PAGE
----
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Vegetarian/vegan and keeping carnivorous pets

(52 Posts)
AndHarry Tue 17-Mar-15 09:03:36

Is it being hypocritical to be a vegetarian or vegan for moral reasons while also keeping, say, a cat or dog for your own enjoyment? Unless you let them go wild and hunt their own food you'd need to buy them meat which conforms to lower standards than meat for human consumption.

Any thoughts?

mousmous Tue 17-Mar-15 09:08:46

imo yes
but I also think that keeping pets is

mousmous Tue 17-Mar-15 09:09:03

...cruel

worldgonecrazy Tue 17-Mar-15 09:09:57

I don't find it hypocritical at all. Meat for animal consumption is killed to the same "ethical" standards as meat for human consumption. AFAIK the meat also has the same hygiene standards as the tinned stuff is fit for human consumption.

Incidentally, pet dogs are not carnivorous, they are omnivorous.

AndHarry Tue 17-Mar-15 09:19:19

So it's not hypocritical to buy meat for your leisure pet while maintaining that it's wrong for humans to eat meat?

Boggling at the thought of a vegetarian dog grin

base9 Tue 17-Mar-15 09:27:59

Why worry about hypocrisy? Everyone does what they can in this life. If a person has made an ethical decision not to eat meat, which enormously reduces their negative impact on animal welfare, I would not question their decision to wear leather, or feed meat to a pet. Their ethical contribution is theirs to decide. Most meat eaters will eat chickens and cows, but would not eat cats or horses. That is also hypocritical, I suppose - if you eat one animal you should eat them all. I have friends who would never buy products tested on animals but will eat meat.
Everyone draws their own line.

AlpacaMyBags Tue 17-Mar-15 09:34:33

Message withdrawn at poster's request.

FishWithABicycle Tue 17-Mar-15 09:38:40

It's not unethical for a cat to eat meat. A cat doesn't have the capacity for moral/ethical thought, and doesn't have the biological capacity to digest a vegetarian diet. I have a rescue cat - if he wasn't my pet he'd have been put down. Given that the pet food I give him seems to be mostly made from waste by-products of a meat industry that will go on whatever I do, I don't think it's hypocritical to buy whiskas.

Everyone has a disjoint between the ethics they might like to follow in the real world and the ethics they actually manage to follow. A lot of meat eaters won't eat veal and try to eat "happy"/ethically reared meat but will make exceptions when it suits them. Vegetarians who eat milk and eggs have to accept that these products only exist as part of the meat industry, but if they don't want to be vegan that doesn't make their vegetarianism pointless. We are all imperfect beings with limited capacity doing our best in the situation we are in.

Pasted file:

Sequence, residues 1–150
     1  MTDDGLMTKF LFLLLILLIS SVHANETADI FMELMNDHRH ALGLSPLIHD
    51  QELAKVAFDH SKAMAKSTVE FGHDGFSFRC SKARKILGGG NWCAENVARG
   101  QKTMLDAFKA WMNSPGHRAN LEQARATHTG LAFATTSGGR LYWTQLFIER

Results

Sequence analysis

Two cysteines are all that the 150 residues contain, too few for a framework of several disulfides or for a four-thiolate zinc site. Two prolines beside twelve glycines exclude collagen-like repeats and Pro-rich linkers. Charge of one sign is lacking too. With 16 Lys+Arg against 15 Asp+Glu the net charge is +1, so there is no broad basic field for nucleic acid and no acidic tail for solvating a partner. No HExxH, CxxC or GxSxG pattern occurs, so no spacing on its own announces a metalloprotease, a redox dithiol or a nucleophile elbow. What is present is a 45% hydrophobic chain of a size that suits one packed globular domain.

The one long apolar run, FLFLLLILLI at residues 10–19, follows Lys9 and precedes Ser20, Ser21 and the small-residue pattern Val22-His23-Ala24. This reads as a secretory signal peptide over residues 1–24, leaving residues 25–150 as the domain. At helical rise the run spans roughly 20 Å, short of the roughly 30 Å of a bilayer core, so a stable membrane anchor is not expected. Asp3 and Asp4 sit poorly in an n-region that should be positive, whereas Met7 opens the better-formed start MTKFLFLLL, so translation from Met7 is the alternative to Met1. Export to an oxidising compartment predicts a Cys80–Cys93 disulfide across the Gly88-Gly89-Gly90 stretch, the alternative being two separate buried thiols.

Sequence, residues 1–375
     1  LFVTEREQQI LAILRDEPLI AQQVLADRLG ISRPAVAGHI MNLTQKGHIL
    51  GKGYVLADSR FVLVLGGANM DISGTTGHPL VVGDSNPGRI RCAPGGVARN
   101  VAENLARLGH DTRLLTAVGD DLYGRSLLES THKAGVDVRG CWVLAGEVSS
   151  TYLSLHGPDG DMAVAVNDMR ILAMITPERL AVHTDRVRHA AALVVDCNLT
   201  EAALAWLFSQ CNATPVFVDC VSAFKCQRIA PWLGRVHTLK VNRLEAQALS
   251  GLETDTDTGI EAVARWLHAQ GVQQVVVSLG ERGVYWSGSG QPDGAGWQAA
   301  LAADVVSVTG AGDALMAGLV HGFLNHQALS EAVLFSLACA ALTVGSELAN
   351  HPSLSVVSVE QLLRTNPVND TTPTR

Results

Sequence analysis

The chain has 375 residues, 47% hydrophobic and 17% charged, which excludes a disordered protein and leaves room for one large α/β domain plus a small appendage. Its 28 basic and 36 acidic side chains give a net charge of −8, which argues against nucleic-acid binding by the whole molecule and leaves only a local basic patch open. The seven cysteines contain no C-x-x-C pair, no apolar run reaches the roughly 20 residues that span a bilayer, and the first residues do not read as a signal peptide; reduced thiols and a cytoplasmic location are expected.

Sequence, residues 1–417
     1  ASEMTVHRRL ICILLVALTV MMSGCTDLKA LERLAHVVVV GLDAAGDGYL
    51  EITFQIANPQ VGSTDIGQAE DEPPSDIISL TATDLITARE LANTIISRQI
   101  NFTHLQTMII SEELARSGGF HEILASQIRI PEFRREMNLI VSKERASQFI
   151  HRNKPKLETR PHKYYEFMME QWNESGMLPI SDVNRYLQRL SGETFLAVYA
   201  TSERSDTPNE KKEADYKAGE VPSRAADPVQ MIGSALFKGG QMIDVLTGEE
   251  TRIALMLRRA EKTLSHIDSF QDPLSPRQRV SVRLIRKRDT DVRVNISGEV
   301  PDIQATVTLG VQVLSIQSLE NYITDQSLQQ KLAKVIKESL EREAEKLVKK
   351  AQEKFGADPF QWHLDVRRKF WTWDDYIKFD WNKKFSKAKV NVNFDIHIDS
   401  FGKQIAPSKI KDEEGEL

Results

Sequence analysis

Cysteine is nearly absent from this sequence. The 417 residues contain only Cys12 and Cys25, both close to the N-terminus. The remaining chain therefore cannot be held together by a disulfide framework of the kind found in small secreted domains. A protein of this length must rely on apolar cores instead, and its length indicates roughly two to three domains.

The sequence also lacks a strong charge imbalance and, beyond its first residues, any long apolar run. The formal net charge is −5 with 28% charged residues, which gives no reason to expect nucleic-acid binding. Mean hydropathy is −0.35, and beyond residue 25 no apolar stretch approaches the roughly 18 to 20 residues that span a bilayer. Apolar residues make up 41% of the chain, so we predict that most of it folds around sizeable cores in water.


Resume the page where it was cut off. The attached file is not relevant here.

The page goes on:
FishWithABicycle Tue 17-Mar-15 09:39:51

Brain error "follow in the real world" I meant "follow in the ideal world"

worldgonecrazy Tue 17-Mar-15 09:40:14

I am a vegetarian (for over 45 years) and I have never maintained that it is wrong to eat meat. I do think we could treat our meat animals a lot better though, and fully support hunting and shooting as I think it far kinder to the animals than mass-produced meat.

AndHarry you may want to check the dictionary for the difference between "omnivore" and "vegetarian". (though it is possible to buy vegetarian dog food for those who prefer that ethic)

AndHarry Tue 17-Mar-15 09:55:58

I knew someone would pick up on the omnivore thing. I do know it means they eat both, I was just taking the thought to extremes smile

If vegetarians/vegans didn't have pet cats, no animals would need to be reared and slaughtered to feed them. While cats naturally eat meat and don't make decisions based on ethics, by deciding to have a cat the owner is also deciding to contribute to the demand for meat. Even if pet food is a by-product of human food, someone making the choice to keep a cat for their own amusement is contributing to the demand for those animal products. If individual demand didn't matter then there would be no point in anyone being vegetarian or vegan at all.

To state my own interest here, I'm neither a vegetarian nor a pet owner. The question is purely theoretical based on idle pondering smile

ragged Tue 17-Mar-15 09:57:45

Part of the reason I stopped being Vegetarian (after 17 yrs) was the assumption that I must be an animal rightist or have problems with meat on moral grounds (neither was true, so assumptions got on my nerves a lot).

I find moral-vegans who own cats confusing, too.

I was vegetarian for protest-against-waste reasons. So I feel very uncomfortable with local vegan animal shelter that provides a pleasant retirement home for ex-farming animals. They raise lots of money & use of oodles of volunteer time to allow animals to just live there and use lots of resources and serve almost no function (not even perpetuating rare breeds). If waste bothers you like it does me, then that all looks morally very wrong.